If all goes to plan, Silvio Berlusconi will officially relinquish control of Milan on December 13. Whatever you think of Mr Berlusconi, it cannot be denied that the Rossoneri are the house that Silvio built. Since Il Cavaliere descended from his helicopter in July 1986 to the strains of ‘Ride of the Valkyries’, the club has collected eight Scudetti and five European Cups. By January 2017, 30 years of history will have come to an end.
In May 2011, Scottish businessman David Murray sold his 85.3 per cent stake in the country’s most successful side, Rangers. A steel tycoon, Murray had bankrolled the club since 1988 but could no longer afford the lavish signings he had bestowed upon his club in the late 80s and 90s. Sound familiar?
Questions remain, however, over whether Sino-Europe Sports – the company set up to represent the Chinese investors – are the knights in shining armour that Berlusconi represented three decades ago.
The media tycoon – and Prime Minister of Italy on three separate occasions – has agreed to sell his most prized investment to a Chinese conglomerate. In many ways, the move is a sign of the times. Chelsea are owned by a Russian billion正规赌博网aire, Arab oil money funds Paris Saint-Germain and Manchester City and even the Diavolo’s city rivals, Inter, are owned by China’s Suning Group.
Marcello Lippi, the World Cup-winner and current China Coach, admitted this week that “no-one was able to give me an answer” when he made enquiries about the group. As a former Juventus and Inter Coach, the more paranoid sections of the Milan support would doubtless accuse him of bias, but even club legends aren’t convinced.
Murray sold Rangers to a group called Wavetower Limited, fronted by “billionaire” Craig Whyte, on the understanding that the debt would be paid off and £5m would be invested into the squad each season. It later transpired that Whyte was a conman. The funds never arrived and Rangers were liquidated in 2012, forced to start again from the lowest rung of the Scottish football ladder.
People may bemoan the amount of money in football, but it’s clear the Rossoneri need a cash injection. If one or two top-class players could be added to Vincenzo Montella’s young, vibrant squad, Milan may finally be able to compete at the top of Serie A once again. A seven-time European Cup winning club, the Diavolo are, if not a sleeping giant, then a lightly dozing one. If they can return to the top of the game99真钱, it will only be good for the prestige of Serie A.
Paolo Maldini, who played over 900 games for the Rossoneri, was invited to be part of the new board once the takeover is completed. The former defender ultimately turned down the opportunity, noting that he wasn’t even permitted to meet with Han Li. As Maldini said “any professional has the right to speak with his own employer”.
The first and most important doubt about the deal is that no-one seems to know the identity of those who make up the consortium. Under Italian law, Sino-Europe Sports are under no obligation to release their list of shareholders until after their takeover is complete, and they have confirmed their intention to do so. Their secrecy should be of concern to Milanisti, though.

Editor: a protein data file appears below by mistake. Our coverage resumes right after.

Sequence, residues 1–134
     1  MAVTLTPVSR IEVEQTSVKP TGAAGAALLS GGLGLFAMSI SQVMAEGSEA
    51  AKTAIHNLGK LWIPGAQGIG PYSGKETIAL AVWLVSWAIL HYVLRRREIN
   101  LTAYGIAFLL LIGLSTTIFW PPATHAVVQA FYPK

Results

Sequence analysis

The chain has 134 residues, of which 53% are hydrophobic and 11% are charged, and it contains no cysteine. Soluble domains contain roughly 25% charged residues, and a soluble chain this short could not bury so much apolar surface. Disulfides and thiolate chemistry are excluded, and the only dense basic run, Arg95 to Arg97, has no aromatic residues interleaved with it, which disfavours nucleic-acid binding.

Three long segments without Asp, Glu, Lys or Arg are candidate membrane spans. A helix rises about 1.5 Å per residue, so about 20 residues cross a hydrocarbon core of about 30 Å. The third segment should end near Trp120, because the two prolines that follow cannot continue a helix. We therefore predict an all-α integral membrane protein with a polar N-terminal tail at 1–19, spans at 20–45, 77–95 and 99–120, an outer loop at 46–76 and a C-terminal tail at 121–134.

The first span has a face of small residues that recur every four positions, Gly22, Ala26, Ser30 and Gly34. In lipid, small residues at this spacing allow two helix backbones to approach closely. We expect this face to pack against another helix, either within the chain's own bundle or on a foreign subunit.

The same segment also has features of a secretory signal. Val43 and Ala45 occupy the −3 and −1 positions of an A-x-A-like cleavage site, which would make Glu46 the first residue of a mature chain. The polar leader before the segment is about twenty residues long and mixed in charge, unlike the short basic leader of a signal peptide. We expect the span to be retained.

On the pitch, the future is looking brighter for Milan than is ha365娱乐开户s in some time. We can only hope it’s the same behind the scenes.
This is not to suggest a similar fate awaits Milan. Sino-Europe may well make good on their promises, and in any case the Rossoneri are a global superpower in the way Rangers weren’t.
This takeover is not like the one which happened in the blue and black half of the city. Suning Group is one of China’s most prominent non-government retailers, with a net worth of over four billion US dollars. Before their purchase of Inter was complete, delegations from the Far East were seen at San Siro, including the conglomerate’s founder, Zhang Jindong.
Aside from director general Han Li, it’s not clear who is providing Sino-Europe with their funding. Indeed, Bloomberg and Chinese site caixin.com have both reported the use of fake documents in proof of funding. To be clear, Sino-Europe deny those allegations and it’s certainly possible that both sites were misinformed. What isn’t likely is that an American business site and one in China are vehemently anti-Milan and simply seeking to cause trouble.
A second red flag is a Gazzetta dello Sport investigation from earlier this year. The newspaper sent journalists to China, who described President Li Yongong’s affairs as “lost in a web of companies and figureheads”. A visit to the company’s headquarters in Changxing was met with a closed door and a silent intercom.
The point is that supporters of the Rossoneri must be vigilant. The promise of a return to the glory days has seduced many a fanbase before them – just ask Rangers, Parma or current Serie B strugglers Pisa. It’s only right for Milan fans to be excited about the future, but blind euphoria will help no-one.
For Milanisti, comfort can be drawn from the fact that Sino-Europe has already invested a non-refundable €100m. In addition, Berlusconi has worked guarantees of future funding into the deal. However, one must question whether that will be enforceable, and there’s a striking real-life precedent.